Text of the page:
Dreams for a Daughter

Admission: I am a recovering addict. Yes, me.

For years now I have been obsessed about how I look, how much I weigh, what I eat, how often I exercise. All of these idols in my life have been centered around what I allowed the world to tell me what the perfect way a woman should look. Even when I was pregnant, I focused on controlling my weight gain and was excited after the birth of the children to get “back to normal.”

Well, I have come to the realization that I will never look like someone who belongs on workout DVD or magazine. My flat stomach has settled into a nice bump after pregnancy number two (my abs slit and although I have worked on repairing them and made some improvement, they will never be the same). I weigh more now than I did right after Bridget was born and have to work a bit harder to fit into some of my clothes. But, I have the body that God made me with and I am working on being content with that.


This process of admitting my obsessed starting when I began to think about my nieces and daughter. A little girl  sees herself and smiles. She thinks she is pretty, look like a princess and are not worried  what the world is currently defining as “cute.” I looked at these precious girls and had a sting of sadness as I thought about when the first time they would look at themselves and think “I don’t measure up.” When would this happen? Could I just keep Bridget seeing her true beauty her whole life? Could I instill in her contentment that is so lacking in girls today? Could she always have a carefree innocence and hold onto the truth that she is God’s creation, made in His imagine?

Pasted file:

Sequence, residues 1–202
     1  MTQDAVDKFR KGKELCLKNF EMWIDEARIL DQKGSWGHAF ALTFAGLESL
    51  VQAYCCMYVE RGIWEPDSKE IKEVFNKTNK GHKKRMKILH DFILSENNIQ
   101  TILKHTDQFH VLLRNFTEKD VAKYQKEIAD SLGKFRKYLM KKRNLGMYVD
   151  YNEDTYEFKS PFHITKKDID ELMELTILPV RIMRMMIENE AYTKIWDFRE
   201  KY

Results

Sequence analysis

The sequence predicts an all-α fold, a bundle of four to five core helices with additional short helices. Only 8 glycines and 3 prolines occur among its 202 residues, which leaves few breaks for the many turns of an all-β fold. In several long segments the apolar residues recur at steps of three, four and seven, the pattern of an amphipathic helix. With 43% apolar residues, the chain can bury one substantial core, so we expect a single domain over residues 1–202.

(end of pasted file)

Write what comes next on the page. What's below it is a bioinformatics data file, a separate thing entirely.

I knew that this may be too lofty of a goal. I am sure Bridget will suffer from bad hair days, “nothing to wear” and the like. However, I want her to have the best chance at not feeling the pressure to measure up to a standard that is ridiculous. I don’t want her to focus on her appearance as much as her character. These are my dreams for Bridget.



But I knew if this is my desire for her, I would have to first live it out. How could I tell her to not obsess and worry, if she saw me doing this? How could I instill in her something I myself was not possessing?

As I said in the beginning. I am a recovering addict. I still slip and get caught in the trap of being too focused on my aim for perfection in my appearance. But I am trying to be more aware and less down on myself. I want to be happy in the body that I have, not in one that I imagine will make me happy. I am not going to give up my workouts. I still want to take care of myself: eat healthy, exercise, etc. But my goal is not to become a perfect size whatever, but to be strong and energized to do the work before me. I don’t have to change  my lifestyle as much as I have to change my motivation and thoughts.


I want to be an example to Bridget of a healthy woman, happy with the way God made me and confident in my Father’s love.



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